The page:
The Stop Smoking Service was currently commissioned from Bromley Healthcare, and this contract was due to end on 31st March 2017. The service would be decommissioned as the Executive made a decision to cut the budget for this service. Dr Bhan expressed concern about the effects of decommissioning the service, and felt that this was a problem going forward, and would have an adverse effect on the health of many people.


Cllr Ruth Bennett asked if a person’s mental health needs may in fact be made worse if they stopped smoking, and how was it possible to monitor if a person had given up or not? Dr Lemic responded that there was no evidence to support the hypothesis that giving up smoking would worsen the mental health conditions of people with mental health needs. It was possible to test individuals to ascertain if they had given up smoking or not; a machine was used to test carbon monoxide levels. 




The Working Agreement between the HWB and the BSCB was well received by the Board.


The Chairman referred members to Appendix A, (Role and Responsibilities: S7).  He recommended that the reference to the HWB as an ‘executive’ body be replaced with the word ‘statutory’ as the HWB was not an executive body.

With this adjustment, all parties were happy to approve the agreement.


Mr Stephen John felt that it would be beneficial if another MOU was drafted between the HWB and the Adult Safeguarding Board.



RESOLVED that subject to the adjustment detailed above, the MOU between the HWB and the BSCB be approved and signed off.




The update from the Mental Health sub group was provided by Mr Harvey Guntrip.


The sub group had met prior to the main meeting of the HWB, and Mr Guntrip summarised the meeting as follows:


 The Chair introduced the following aims to members and sought general agreement on the terms and conditions under which the sub group would operate.


  1: To understand the wider mental health needs for the population of Bromley.


  2: To map existing and proposed provision across the Borough and cross borders.


  3: To investigate key issues impacting on effective delivery of mental health services across the Borough and facilitating strong partnership working across all agencies.


  4: To propose a joint LBB/CCG strategy for a cost effective mental health service across the Borough.


Discussion was held concerning these aims, and general agreement was reached, including a commitment from all present to aid in the facilitation of joint working across all agencies. The sub group agreed that the current membership was the appropriate size and composition for the task, and that other invitees would be called as appropriate to items on the future agendas.


Daniel Taegtmeyer (CAMHS Transformation Plan Lead from Bromley CCG) introduced a paper:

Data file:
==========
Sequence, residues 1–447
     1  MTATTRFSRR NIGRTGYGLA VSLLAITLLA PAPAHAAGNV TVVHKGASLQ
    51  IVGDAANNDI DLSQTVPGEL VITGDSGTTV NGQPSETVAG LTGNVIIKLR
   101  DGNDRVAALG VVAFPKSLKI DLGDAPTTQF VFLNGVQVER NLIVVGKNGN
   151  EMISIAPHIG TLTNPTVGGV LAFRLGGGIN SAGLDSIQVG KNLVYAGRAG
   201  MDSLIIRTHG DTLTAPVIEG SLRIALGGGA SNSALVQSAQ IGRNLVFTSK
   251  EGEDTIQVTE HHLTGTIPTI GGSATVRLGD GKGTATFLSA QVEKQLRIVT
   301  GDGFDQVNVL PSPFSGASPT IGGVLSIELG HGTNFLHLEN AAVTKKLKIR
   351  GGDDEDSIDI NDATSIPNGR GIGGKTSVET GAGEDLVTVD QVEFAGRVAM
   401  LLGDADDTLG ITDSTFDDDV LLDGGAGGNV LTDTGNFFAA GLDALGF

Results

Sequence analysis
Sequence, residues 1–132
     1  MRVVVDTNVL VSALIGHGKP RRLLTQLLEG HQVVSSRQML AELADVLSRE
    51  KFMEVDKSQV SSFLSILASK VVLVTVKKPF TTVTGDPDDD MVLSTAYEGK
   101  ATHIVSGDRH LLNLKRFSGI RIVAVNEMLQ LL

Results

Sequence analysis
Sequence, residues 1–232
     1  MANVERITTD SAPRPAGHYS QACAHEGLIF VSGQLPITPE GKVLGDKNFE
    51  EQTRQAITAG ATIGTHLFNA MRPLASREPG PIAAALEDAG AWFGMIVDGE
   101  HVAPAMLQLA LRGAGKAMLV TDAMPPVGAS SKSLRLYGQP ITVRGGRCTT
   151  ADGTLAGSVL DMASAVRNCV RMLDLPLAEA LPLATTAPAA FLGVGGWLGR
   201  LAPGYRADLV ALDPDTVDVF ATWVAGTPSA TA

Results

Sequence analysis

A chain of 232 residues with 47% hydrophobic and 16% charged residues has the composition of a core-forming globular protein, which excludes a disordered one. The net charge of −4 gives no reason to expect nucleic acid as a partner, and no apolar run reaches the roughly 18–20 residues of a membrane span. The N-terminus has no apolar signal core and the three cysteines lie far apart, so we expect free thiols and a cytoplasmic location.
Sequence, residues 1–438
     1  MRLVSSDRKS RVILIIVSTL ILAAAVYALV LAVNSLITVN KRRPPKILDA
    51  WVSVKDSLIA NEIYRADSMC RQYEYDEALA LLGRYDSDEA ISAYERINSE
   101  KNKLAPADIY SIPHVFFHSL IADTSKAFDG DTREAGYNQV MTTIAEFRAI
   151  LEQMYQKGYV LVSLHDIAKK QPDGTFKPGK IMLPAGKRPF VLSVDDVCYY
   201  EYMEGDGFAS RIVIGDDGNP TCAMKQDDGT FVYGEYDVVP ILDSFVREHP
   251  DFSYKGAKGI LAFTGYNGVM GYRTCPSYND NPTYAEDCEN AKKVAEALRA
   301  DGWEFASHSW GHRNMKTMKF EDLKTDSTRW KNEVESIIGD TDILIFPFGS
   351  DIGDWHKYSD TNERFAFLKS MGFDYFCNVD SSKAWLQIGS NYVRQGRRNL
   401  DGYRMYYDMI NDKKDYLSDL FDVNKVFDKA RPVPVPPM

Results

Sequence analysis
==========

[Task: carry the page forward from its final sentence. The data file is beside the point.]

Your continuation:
‘CAMHS Transformation and Mental Health of Children and Young People (CYP) in Bromley’.


A wide ranging discussion around the topic took place and general support of the aims of the plan was given. All members committed to working closely in the development of the plan and to ensure its long term success.


Stuart Thompson (Mental Health Interim Commissioner Bromley CCG) introduced a paper:


“Developing Mental Health and Wellbeing for Bromley”


Discussion around the broad range of topics contained in the paper took place and Stuart and Lorna confirmed they would work closely to ensure any commissioning intentions would be well rehearsed by both LBB and CCG to ensure maximum impact.  Members agreed that a combination of the CAMHS and the Mental Health and Wellbeing plans would constitute the backbone of an overall Bromley Strategic Plan for Mental Health and the sub group would assist in developing this plan in future meetings. The sub group concluded that future meetings would run in tandem with Health and Wellbeing Committee dates and that ongoing conversations around the topics would continue outside the meetings as appropriate.


Mr Guntrip informed the HWB that it was the intention of the sub group to chart and print a strategy document with real time frames that would be presented to the Board for discussion. It was suggested that as the CAMHS Transformation Plans needed to be signed off by October 31st, that authority be delegated to the Chairman and Vice Chairman of the HWB for sign off.


Dr Bhan felt that the strategy of the HWB should be clinically led, and that something else should be set in place to enable this. She felt that it was fundamental to have clinicians involved, and that a broader engagement was required. 


Annie Callanan referenced school counsellors, and expressed the view  ...  view the full minutes text for item 85.




It was noted that procurement matters were being developed by the CCG.




The Work Programme and Matters Arising report was noted.


It was noted that a JSNA update would be provided to the Board in December.


The Board were informed that an agenda planning meeting had been scheduled for 31st October.


In terms of future agenda items it was agreed that access to GP services be added as an agenda item for the next meeting. Cllr Dunn suggested that an update from IMPOWER would be beneficial.





(1) A JSNA update be brought to the next meeting


(2) Access to GP services be added as an agenda item for the next meeting  




The Chairman asked members if they felt it was a good idea to have a ‘Health and Wellbeing Week’, with a possible exhibition at the reference library. Any thoughts around this should be emailed to the Committee Clerk with the Chairman copied in.  



The date of the next meeting is December 1st 2016.


The date of the next meeting was confirmed as December 1st 2016.